THE COUNTER-MOVE FACTOR – Since all movement is made on a simultaneous basis by both players, there is a counter-move factor available. This means that until two (or more) opposing units come together in melee (by direct contact) the players are free to counter-move against each other. As an example, if Player A is advancing several units of heavy infantry against Player B’s archers, Player B can retire ahead of Player A’s troops so that they cannot be meleed. The second the bell rings on the timing device, ending the move, the movement of the troops cease, and then the combat will be judged. Naturally, in this counter-moving against your opponent, the actual length of moves allowed to a particular type of soldier (cavalry, infantry, light infantry, etc) will have a lot to do whether counter movement is possible; For it is certain that cavalry would catch infantry since they have a longer move length.

IN SUMMARY – As you can see now, the Basic Factors of the Free Move – Timed Move game in combination gives each player an entirely free movement of troops, limited only by the time factor and by the rule that you must measure each move, and cannot move your troops farther than they legally can be moved at a time. At the same time, if you can spot your opponent threatening you, you may be able to pullout of the way, by counter-moving your troops against him. As you can no doubt see by now, the Timed Move makes for tremendously fast game of wild movement, and excitement that I have never seen matched before in war games. In this type of a game, there is no deliberate and careful movement of troops and woe betide the man that left something exposed to the enemy!


During the Timed Move, the following basic rules must be observed:

  1. The minute two opposing units make “contact” (i.e. the stands touch one another) they cannot be moved, as this is a “melee contact”, and they must be left in this position until the melee is fought out (see the Melee Rule later). This rule applies only to each stand, and other stands that might be behind this contact are still free to move.

  2. All missile fire is ignored during the timed move until the move is completed, at which time it will be judged.

  3. Movement ceases also if one player counter-moves a unit into melee. (Thus it is possible at times to stop an attack, by a counter attack against it).

  4. 0nce the Timed Move ends, the players are allowed to rearrange the formations of all units who are not in melee, or within missile range of opposing troops.

    1. Such rearrangement does not allow of any forward movement of these units, but allows sideway and backward movement to straighten out lines, or squares or columns that might have been broken during the excitement of the timed move.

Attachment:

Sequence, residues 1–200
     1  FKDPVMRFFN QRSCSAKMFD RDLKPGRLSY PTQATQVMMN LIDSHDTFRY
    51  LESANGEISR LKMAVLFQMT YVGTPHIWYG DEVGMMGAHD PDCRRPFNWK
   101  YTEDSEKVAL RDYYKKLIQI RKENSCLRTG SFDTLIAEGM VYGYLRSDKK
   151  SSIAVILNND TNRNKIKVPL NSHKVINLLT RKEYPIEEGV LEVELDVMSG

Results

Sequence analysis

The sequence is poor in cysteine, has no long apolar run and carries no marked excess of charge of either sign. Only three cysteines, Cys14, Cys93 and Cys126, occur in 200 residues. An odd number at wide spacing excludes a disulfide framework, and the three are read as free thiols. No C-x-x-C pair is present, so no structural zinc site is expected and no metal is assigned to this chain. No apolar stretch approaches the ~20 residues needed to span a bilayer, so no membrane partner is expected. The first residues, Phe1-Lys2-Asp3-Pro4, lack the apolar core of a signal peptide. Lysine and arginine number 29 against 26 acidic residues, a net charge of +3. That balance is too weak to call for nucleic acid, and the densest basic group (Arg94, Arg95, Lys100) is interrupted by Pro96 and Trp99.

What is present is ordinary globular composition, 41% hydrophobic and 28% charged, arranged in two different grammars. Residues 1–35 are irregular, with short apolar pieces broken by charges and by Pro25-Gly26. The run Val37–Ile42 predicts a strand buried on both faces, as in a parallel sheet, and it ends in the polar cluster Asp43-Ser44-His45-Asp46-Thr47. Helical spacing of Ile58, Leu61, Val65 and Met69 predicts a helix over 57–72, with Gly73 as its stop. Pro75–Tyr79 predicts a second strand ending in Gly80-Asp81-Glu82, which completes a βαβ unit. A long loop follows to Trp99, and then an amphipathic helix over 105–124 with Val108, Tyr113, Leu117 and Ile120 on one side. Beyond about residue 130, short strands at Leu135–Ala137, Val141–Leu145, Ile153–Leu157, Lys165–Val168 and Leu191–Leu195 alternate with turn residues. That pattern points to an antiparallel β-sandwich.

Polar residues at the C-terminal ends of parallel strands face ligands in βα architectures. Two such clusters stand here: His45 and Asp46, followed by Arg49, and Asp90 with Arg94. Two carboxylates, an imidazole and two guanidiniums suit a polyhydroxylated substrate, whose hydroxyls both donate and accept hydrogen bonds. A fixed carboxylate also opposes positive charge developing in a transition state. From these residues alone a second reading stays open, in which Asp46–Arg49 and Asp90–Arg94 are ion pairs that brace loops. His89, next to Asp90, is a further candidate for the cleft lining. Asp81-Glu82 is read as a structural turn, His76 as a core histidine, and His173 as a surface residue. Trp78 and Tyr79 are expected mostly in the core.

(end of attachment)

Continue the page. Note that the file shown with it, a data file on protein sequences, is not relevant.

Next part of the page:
5. Troops that end up in melee or within missile fire range, must fight in the positions (and formations) they are in when the timing device ends the timed move.

  6. During the Timed Move, and providing a player spots something wrong, he may call “Time”, and the move is halted and the situation is cleared up. If this occurs, there will be NO COMBAT ALLOWED until another timed move has taken place. This is so that no player may stop a move deliberately because he might be caught at a disadvantage.


The following move lengths and combat values are based on using 20mm figures mounted on moving trays, and using the Morschauser Roster System:


In column or on roads

Heavy Infantry

4 inches

6 inches

Light Infantry

6 inches

8 inches

Heavy cavalry

6 inches

8 inches

Light Cavalry

8 inches

10 inches


1 Unit (stand) of Heavy Infantry

8 points

1 Unit of Light Infantry (and archers)

4 points

1 Unit of Heavy cavalry

8 points

1 Unit of Light cavalry (archers)

4 points

In Defensive positions or in Square, add 1/2 point per point in a unit to its combat value. (A defensive position would be behind rock walls, on hills, in houses)

Missile Range


8 inches


12 inches

Missile Fire Killing Power


1 – Automatically kills one light infantry point

2 – Roll 1-3-6 on dice against heavy infantry, unless have flanking or fire from rear- then automatically kills one point.

Arrow fire

Same as for javelins.

Missile Fire Killing Power when missile men are forced into melee

Each unit of missile men are allowed one automatic kill when directly attacked and forced into a melee. We assume this fire is made at close range as the enemy is charging forward, and therefore does not miss. This means, that should a heavy or light infantry unit attack a missile unit during the timed move that before the melee is judged, the attacker must deduct one point from his unit. The attacking unit is not allowed missile fire in making his charge, as we assume his men are too busy charging forward into melee to fire an arrow or toss a javelin.

(A variation of this rule, which we use occasionally, is that the missile men who are attacked must roll a single dice. If it is a “1”, they are allowed no missile fire upon the attackers. It is also true, that any missile unit which has been defeated in melee, which has retired due to bad “morale”, and is attacked, cannot have missile fire if attacked again).


7 – Morale and Missile Fire.

There is no morale factor after missile fire, unless it was combat between opposing bowmen. The morale is figured out by counting up the number of points each player has, throwing one dice, then multiplying the dice roll times the combat values. The man with the lowest total must retreat 3 moves.